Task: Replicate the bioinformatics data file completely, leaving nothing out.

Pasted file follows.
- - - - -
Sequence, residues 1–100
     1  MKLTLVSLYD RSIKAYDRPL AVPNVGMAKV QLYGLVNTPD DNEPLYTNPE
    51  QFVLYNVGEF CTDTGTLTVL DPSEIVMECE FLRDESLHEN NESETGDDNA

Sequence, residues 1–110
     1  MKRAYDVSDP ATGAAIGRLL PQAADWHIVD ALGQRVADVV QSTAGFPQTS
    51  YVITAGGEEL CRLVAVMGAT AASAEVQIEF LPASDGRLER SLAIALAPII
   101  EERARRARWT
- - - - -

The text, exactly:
Sequence, residues 1–100
     1  MKLTLVSLYD RSIKAYDRPL AVPNVGMAKV QLYGLVNTPD DNEPLYTNPE
    51  QFVLYNVGEF CTDTGTLTVL DPSEIVMECE FLRDESLHEN NESETGDDNA

Sequence, residues 1–110
     1  MKRAYDVSDP ATGAAIGRLL PQAADWHIVD ALGQRVADVV QSTAGFPQTS
    51  YVITAGGEEL CRLVAVMGAT AASAEVQIEF LPASDGRLER SLAIALAPII
   101  EERARRARWT